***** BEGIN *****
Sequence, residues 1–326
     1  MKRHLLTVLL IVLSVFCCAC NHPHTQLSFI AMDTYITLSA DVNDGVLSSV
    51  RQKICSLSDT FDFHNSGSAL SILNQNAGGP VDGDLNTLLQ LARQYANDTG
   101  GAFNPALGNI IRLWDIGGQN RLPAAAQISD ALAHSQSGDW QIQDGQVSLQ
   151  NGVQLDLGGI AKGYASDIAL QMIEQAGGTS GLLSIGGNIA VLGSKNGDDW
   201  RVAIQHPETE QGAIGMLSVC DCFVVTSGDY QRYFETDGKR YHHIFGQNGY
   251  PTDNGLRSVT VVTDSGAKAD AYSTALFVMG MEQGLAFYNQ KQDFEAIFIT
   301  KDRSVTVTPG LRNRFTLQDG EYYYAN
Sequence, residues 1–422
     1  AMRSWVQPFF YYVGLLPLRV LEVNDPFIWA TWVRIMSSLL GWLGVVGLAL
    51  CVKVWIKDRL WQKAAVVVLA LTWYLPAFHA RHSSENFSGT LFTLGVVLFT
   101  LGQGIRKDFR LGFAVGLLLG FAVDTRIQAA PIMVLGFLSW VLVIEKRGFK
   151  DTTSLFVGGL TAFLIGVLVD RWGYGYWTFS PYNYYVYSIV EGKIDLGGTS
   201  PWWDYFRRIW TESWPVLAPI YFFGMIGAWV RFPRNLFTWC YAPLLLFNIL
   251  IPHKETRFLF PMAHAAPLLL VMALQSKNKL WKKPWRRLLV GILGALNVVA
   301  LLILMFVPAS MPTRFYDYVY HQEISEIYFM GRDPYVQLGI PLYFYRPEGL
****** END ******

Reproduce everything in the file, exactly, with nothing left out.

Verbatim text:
Sequence, residues 1–326
     1  MKRHLLTVLL IVLSVFCCAC NHPHTQLSFI AMDTYITLSA DVNDGVLSSV
    51  RQKICSLSDT FDFHNSGSAL SILNQNAGGP VDGDLNTLLQ LARQYANDTG
   101  GAFNPALGNI IRLWDIGGQN RLPAAAQISD ALAHSQSGDW QIQDGQVSLQ
   151  NGVQLDLGGI AKGYASDIAL QMIEQAGGTS GLLSIGGNIA VLGSKNGDDW
   201  RVAIQHPETE QGAIGMLSVC DCFVVTSGDY QRYFETDGKR YHHIFGQNGY
   251  PTDNGLRSVT VVTDSGAKAD AYSTALFVMG MEQGLAFYNQ KQDFEAIFIT
   301  KDRSVTVTPG LRNRFTLQDG EYYYAN
Sequence, residues 1–422
     1  AMRSWVQPFF YYVGLLPLRV LEVNDPFIWA TWVRIMSSLL GWLGVVGLAL
    51  CVKVWIKDRL WQKAAVVVLA LTWYLPAFHA RHSSENFSGT LFTLGVVLFT
   101  LGQGIRKDFR LGFAVGLLLG FAVDTRIQAA PIMVLGFLSW VLVIEKRGFK
   151  DTTSLFVGGL TAFLIGVLVD RWGYGYWTFS PYNYYVYSIV EGKIDLGGTS
   201  PWWDYFRRIW TESWPVLAPI YFFGMIGAWV RFPRNLFTWC YAPLLLFNIL
   251  IPHKETRFLF PMAHAAPLLL VMALQSKNKL WKKPWRRLLV GILGALNVVA
   301  LLILMFVPAS MPTRFYDYVY HQEISEIYFM GRDPYVQLGI PLYFYRPEGL